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A guardrail is actually a system designed to keep vehicles from straying into dangerous or off-limit areas. Now, nobody pays attention to guardrails unless you need one. There are all different kinds of guardrails, but guardrails are that invisible part of our driving experience. We’re glad they’re there when we need them, but for the most part, we pay no attention to them.
You generally find guardrails in one of three areas. You find guardrails on bridges, because on a bridge there’s very, very little margin for error. You also find them in medians to keep us from where we’re very, very close to people moving in the opposite direction. The closer we are to people who are moving in the opposite direction, the
more we need protection. The third area where you find guardrails, specifically, is around curves--unexpected changes in roadside conditions.
Now the really interesting thing about guardrails is that, generally speaking, guardrails are not actually located in
the most dangerous part of the road. Guardrails are actually located and constructed in areas where you could actually drive, if you think about it. The point of a guardrail isn’t to say, don’t drive on this particular piece of real estate. The point of a guardrail is it’s the piece of real estate just beyond the guardrail that’s a point of danger: oncoming traffic, curves, mountainsides, edges of bridges, or whatever it might be. So, generally speaking, guardrails are actually constructed in areas where theoretically and actually you could drive, but guardrails are there to keep us from moving into an area where there’s actual danger.
But when it comes to guardrails, nobody really argues the point and says, Hey, I don’t know why they put guardrails around the edge of the bridge. They need to take the guardrails off, because actually I could drive closer to the edge of the bridge if they would just move the
silly guardrails. We understand in driving that there needs to be some margin for error. The theory behind a guardrail is that you will do less damage to your body, and even in some cases less damage to your car, if you hit a guardrail than if you actually hit what was on the other side
of the guardrail, or if you actually went off the side of something that would cause damage to you or your car. So the whole idea is it’s okay to cause a little bit of damage in order to keep you from creating and experiencing a lot of damage, either to your physical body or to your car. So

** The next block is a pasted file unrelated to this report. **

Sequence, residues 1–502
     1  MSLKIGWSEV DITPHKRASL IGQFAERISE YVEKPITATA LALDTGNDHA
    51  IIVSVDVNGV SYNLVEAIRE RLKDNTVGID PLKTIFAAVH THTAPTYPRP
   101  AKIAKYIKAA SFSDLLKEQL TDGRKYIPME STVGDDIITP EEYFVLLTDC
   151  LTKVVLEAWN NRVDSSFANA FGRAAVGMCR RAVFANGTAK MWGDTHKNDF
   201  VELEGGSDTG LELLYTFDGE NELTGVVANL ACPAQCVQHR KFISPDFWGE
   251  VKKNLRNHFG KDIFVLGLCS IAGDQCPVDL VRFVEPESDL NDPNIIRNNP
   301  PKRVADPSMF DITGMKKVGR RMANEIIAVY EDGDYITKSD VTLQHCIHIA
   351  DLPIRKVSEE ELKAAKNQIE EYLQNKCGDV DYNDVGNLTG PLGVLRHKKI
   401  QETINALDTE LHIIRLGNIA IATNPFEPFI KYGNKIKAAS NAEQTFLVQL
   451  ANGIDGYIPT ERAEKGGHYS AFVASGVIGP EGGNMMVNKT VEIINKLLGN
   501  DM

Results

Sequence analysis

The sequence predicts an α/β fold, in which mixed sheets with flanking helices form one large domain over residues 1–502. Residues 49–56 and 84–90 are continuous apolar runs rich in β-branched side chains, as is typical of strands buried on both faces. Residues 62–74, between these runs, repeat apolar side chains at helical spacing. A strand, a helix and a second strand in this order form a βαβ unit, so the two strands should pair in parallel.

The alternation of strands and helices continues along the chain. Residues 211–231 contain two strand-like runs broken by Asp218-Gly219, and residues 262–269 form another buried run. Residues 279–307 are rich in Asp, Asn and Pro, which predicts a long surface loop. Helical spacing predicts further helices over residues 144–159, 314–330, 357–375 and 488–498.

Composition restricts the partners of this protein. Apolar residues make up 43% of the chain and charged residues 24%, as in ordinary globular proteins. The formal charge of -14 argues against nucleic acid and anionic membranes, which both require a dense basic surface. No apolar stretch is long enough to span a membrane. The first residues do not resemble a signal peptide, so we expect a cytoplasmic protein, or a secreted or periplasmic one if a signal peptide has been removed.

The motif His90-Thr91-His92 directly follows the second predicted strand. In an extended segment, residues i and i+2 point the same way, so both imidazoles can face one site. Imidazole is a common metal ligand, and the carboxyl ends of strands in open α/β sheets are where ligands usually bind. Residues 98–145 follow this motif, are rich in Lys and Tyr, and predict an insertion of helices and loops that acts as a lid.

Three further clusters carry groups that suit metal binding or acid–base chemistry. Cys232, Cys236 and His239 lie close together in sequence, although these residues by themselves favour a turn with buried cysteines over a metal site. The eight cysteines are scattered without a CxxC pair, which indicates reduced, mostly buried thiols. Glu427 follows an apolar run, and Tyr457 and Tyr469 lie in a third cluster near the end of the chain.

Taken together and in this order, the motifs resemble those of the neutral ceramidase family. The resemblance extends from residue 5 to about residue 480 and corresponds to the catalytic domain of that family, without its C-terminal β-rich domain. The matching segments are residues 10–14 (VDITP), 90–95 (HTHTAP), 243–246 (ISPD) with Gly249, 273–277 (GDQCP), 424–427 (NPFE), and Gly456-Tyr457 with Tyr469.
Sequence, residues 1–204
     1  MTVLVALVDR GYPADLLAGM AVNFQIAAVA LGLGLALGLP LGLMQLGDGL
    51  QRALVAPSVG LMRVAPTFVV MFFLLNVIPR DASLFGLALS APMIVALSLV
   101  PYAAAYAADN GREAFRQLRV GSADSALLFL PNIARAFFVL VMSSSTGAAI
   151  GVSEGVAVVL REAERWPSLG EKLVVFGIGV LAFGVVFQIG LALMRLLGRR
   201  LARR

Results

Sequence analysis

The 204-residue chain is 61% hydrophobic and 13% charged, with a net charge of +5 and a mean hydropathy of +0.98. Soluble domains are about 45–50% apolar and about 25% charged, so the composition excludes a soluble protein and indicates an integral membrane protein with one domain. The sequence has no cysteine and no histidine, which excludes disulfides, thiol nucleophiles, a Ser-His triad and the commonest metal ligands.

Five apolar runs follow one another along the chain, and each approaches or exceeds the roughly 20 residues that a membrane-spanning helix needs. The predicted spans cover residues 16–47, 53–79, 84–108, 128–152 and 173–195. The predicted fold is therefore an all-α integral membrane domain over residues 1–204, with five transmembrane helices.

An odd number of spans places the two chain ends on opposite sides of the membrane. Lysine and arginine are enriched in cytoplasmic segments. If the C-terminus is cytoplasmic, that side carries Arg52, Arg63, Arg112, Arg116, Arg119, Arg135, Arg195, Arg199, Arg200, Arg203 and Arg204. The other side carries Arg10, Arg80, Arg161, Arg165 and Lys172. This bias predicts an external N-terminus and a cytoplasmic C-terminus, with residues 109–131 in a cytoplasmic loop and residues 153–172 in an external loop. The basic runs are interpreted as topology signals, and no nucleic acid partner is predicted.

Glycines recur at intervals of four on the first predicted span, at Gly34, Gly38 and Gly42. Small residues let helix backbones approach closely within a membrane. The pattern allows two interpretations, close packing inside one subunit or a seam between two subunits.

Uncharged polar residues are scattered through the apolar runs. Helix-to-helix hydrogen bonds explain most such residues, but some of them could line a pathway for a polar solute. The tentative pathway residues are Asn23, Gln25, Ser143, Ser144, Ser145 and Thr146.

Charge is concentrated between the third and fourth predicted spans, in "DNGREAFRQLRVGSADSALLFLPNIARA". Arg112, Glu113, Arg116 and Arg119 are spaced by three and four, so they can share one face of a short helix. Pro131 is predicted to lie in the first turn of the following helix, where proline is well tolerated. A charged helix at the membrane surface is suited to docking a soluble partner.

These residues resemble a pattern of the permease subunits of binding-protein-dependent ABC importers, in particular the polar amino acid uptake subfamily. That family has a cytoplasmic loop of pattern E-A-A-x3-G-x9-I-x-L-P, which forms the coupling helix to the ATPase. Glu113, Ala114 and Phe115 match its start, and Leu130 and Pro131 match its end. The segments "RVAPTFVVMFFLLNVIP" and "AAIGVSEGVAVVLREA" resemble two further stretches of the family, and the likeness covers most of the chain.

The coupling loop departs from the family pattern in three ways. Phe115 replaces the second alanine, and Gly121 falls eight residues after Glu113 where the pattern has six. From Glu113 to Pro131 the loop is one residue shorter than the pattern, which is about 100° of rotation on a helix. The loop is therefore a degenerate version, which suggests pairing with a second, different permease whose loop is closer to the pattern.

that’s kind of the idea behind a guardrail.
The truth is, your greatest regret relationally--your greatest regret financially, your greatest regret morally, your greatest regret ethically, maybe professionally--chances are your greatest regret could have been avoided. And if you think of it in terms of driving, that ditch that you went off into, that cliff that you rolled off into relationally, however you want to describe it, your greatest regret could probably have been avoided and would probably have been avoided if you had had some guardrails in your area, in your life financially, morally, relationally, in your marriage, in your parenting, in your whole perspective on authority, whatever it might be. So
what we want to do is just take this very, very common imagery of the guardrail and apply it to several areas of our lives.
Now, our definition for guardrail is going to go like this, here’s the new definition: We’re going to talk about a guardrail in terms of a standard of behavior. This is your personal standard of behavior that becomes a matter of conscience.
(From a sermon by Andy Stanley, Direct and Protect, 8/23/2011)
2 Samuel 12:1-12:15
1 Thessalonians 1:1-1:10
Can you imagine what it was like for the church in Smyrna as they watched their beloved and aged pastor burn at the stake? Polycarp was his name. he was a disciple of Jesus’ disciple, the Apostle John. One could tell it immediately because he possessed the same tenderness and compassion as his mentor.
Polycarp was Bishop of the church at Smyrna (present day Turkey). Persecution broke out in Smyrna and many Christians were fed to the wild beasts in the arena. The godless and bloodthirsty crowd called for the carcass of the leader – Polycarp.
The authorities sent a search party to find him. He had been taken into hiding for some Christians but the Romans tortured two young believers until they finally disclosed his location. When the authorities arrival was announced there was still time to whisk Polycarp away but he refused to go saying, “God’s will be done.”
In one of the most touching instances of Christian grace imaginable Polycarp welcome his captors as if they were friends. He talked with them and insisted they eat a meal. Ha made only one request before being taken away – he asked for one hour to pray. The Roman soldiers listened to his prayer. Their hearts melted and they gave him 2 hours to pray. They had second thoughts as well and were overheard asking each other why they were sent to arrest him?
Other authorities also experienced a warmed heart when Polycarp arrived. The Proconsul tried to find a way to release him too. “curse God and I will let you go!” he pleaded.
Polycarp’s reply was: “For eighty-six years I have served him. He has never done me wrong. How then can I blaspheme my King was has saved me?”
The Proconsul again looked for a way out. “The do this old man, just swear by the spirit of the emperor and that will be sufficient.’
Polycarp’s reply was: “If you imagine for a moment that I would do that, then I think you pretend that you don’t know who I am. Hear it plainly. I am a Christian.”
More entreaties by the Proconsul
Polycarp stood firm.
The proconsul threatened with the wild beasts.
Polycarp’s reply was: “Bring them forth. I would...